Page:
movies over and over, using their resident “good girl,” “Casanova,” or “vamp.” When people got bored, actors could be cast
against type, and thus consciously evoke the very same audience expectations. For example, Schwarzenegger became a brand,
so the studios gave you Terminator, Commando, Predator, The Running Man, etc. Tired of that? then, they gave you Junior
and Jingle All the Way, where our Last Action Hero has to fight not with aliens, but with
Sinbad for a toy. With this serialization of performances, came
what Marshall calls “celebrity personnage.” Personnage refers to “a structure of familiarity
for the audience, but also a structure of performance for the actor.” In other words, a feedback loop of typecasting. Sometimes, that familiarity becomes so encompassing
that it literally supplants any sense of the actor as an autonomous being. When you picture classic stars like James
Dean, you picture them exactly as they looked and behaved on screen, not their real selves. You could say the same about Samuel L Jackson,
who, for all I know, goes home and soothes his children to sleep with the calming refrain,
“go the f**k to sleep.” Because branded stars equaled easy money,
studios invested in them heavily, and Hollywood celebrity “personnage” was mediated by
the aforementioned PR reps, star magazines, agencies and more. They worked in synergy to create and safeguard
celebrity reputations. Back in these good old days, a celebrity name
was enough to generate reliable box office returns. But that’s all changed. Today, not even heavyweights like Tom Cruise
or J-Law are totally safe bets. That’s partially because celebrity identity
no longer belongs exclusively to powerful movie executives. Why? Because the internet. It allows us to actively participate in creating
the narrative of each celebrity, giving us, as scholar Paul Mcdonald writes, “the opportunity
for an interactive construction of star discourse that was not possible with previous channels
of mass communication.” That’s changed our position in the food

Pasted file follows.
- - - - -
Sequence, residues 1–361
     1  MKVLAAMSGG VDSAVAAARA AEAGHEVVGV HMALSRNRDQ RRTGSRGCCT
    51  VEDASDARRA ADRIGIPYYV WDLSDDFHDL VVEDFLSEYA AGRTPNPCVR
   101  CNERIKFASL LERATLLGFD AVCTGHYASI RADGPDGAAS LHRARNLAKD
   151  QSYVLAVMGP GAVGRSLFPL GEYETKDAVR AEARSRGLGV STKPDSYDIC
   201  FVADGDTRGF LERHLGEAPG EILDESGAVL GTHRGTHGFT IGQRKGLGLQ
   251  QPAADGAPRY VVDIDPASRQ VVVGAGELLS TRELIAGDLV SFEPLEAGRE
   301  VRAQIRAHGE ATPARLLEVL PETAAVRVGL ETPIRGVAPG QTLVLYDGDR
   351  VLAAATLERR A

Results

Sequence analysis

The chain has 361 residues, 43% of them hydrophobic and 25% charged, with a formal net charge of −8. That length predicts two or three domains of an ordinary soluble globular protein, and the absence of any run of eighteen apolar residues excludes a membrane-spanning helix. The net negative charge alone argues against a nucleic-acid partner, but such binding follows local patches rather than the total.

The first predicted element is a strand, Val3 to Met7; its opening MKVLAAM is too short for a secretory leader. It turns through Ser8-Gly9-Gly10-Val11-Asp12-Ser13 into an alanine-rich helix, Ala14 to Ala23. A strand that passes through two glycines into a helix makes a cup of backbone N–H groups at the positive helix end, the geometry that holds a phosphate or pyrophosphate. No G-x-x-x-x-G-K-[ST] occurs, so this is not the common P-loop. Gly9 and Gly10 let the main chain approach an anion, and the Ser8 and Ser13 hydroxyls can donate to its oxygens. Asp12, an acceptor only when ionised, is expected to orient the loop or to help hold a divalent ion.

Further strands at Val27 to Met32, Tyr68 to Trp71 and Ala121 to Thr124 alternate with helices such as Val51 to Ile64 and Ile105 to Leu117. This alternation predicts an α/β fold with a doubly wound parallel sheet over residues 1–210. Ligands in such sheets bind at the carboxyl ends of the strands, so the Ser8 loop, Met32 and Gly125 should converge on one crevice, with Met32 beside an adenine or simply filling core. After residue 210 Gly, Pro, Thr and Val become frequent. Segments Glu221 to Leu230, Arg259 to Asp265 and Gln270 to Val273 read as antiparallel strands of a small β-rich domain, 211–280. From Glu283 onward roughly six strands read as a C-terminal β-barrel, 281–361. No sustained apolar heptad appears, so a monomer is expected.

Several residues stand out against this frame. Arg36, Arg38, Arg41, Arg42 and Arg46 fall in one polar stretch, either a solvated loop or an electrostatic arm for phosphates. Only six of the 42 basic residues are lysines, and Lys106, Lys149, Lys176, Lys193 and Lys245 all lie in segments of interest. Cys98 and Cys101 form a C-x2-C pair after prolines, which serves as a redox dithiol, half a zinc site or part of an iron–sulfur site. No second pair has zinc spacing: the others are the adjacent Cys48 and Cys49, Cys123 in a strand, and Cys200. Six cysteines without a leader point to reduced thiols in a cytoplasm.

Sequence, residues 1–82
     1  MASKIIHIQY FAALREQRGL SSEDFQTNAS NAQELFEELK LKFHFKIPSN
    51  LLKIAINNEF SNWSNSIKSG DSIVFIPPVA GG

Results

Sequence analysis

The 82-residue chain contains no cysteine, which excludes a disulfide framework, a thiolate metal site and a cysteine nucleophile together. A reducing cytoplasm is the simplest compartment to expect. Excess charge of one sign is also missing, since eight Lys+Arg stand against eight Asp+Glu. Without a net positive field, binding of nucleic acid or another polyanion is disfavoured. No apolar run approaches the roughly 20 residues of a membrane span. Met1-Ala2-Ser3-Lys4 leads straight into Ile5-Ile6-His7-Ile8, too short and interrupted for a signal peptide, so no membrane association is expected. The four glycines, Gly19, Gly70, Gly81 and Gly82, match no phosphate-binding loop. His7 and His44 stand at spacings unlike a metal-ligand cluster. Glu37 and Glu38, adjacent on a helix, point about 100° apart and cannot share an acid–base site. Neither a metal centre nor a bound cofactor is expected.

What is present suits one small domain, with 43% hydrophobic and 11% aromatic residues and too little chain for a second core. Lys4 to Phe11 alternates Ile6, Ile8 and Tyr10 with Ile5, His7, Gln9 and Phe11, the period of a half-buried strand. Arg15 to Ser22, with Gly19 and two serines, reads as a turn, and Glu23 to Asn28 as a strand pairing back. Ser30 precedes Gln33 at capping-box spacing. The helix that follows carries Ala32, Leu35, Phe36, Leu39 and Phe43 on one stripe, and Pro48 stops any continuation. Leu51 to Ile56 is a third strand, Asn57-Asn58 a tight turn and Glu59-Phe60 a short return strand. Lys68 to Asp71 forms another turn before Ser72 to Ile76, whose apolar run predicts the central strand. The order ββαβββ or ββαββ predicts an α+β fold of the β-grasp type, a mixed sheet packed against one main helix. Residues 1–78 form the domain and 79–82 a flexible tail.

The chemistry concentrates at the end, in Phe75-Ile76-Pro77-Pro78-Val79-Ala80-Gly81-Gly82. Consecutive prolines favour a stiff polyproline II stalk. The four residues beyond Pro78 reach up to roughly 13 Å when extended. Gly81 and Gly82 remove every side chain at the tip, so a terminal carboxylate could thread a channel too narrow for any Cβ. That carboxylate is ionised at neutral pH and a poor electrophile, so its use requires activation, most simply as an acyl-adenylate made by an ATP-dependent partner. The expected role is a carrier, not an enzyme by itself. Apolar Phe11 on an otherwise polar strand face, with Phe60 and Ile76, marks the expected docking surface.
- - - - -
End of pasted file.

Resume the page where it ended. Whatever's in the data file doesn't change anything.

chain of media. According to Marshall, the audience member
is now a “hybrid of producer and user that is engaged in the media consumption/production”
or a “prosumer” and this fact is “redefining the dynamics of popular culture.” Which brings us to memes. The Internet meme is comparatively more egalitarian
than most art forms. It’s nearly effortless to make one, anyone
with an Internet connection, the know-how and a couple of minutes of free time can do
it. And, unlike literally everything else in the
cultural industry, they’re typically not made to generate money, they’re made for
the lulz. Because memes operate somewhat outside the
realm of economics, they can actually act as an authentic intervention in our consumption
of culture. Particularly given the source material: memes
can pull from literally anywhere, since we have access to nearly the entire history of
American modern visual culture at our fingertips. As a result, we can use memes to evoke powerful,
shared moments of our collective cultural identity. And we are doing that literally every day. As a result, so much of our visual exposure
to celebrities is happening via user-generated culture. This means a more level playing field. Back in the day, fandom meant passively reading
canned stories in gossip magazines or joining a celebrity fan club. Today, the fan can actively shape the way
they and their entire social networks view individual celebrities via dank memes. All hail the great prosumer! But now that we have the means to meme – what
are we doing with it? When it comes to celebrities, three major
things. First, some memes are reaffirming celebrity
brands and making them even more powerful. Consider the Sad Keanu meme. The meme was instantly comprehensible because
it exaggerated pre-existing notions of Keaunu as vulnerable, his life as tragic. It emerged and spread organically in June
2010, after paparazzi published the now-famous photo. While the meme began with words superimposed
on the image, Photoshoppers got creative, and suddenly Sad Keanu was kickin it with
everyone from Stalin, to the Breakfast Club Brat Pack. At one point, Sad Keanu was a more popular
Google search than Oprah. Hollywood had a knee-jerk reaction to the
blowup, issuing takedown notices to sadkeanu.com. RIP. The sad man himself expressed annoyance about
the meme’s characterization of him — “I mean, do I wish that I didn’t get my picture
taken, and, while I was eating a sandwich on the streets of New York? Yeah.” But whether Keanu is or isn’t sad, the widespread
sharing of the image has the power to literally shape our conception of his personnage. Because the image of him looking sad was serialized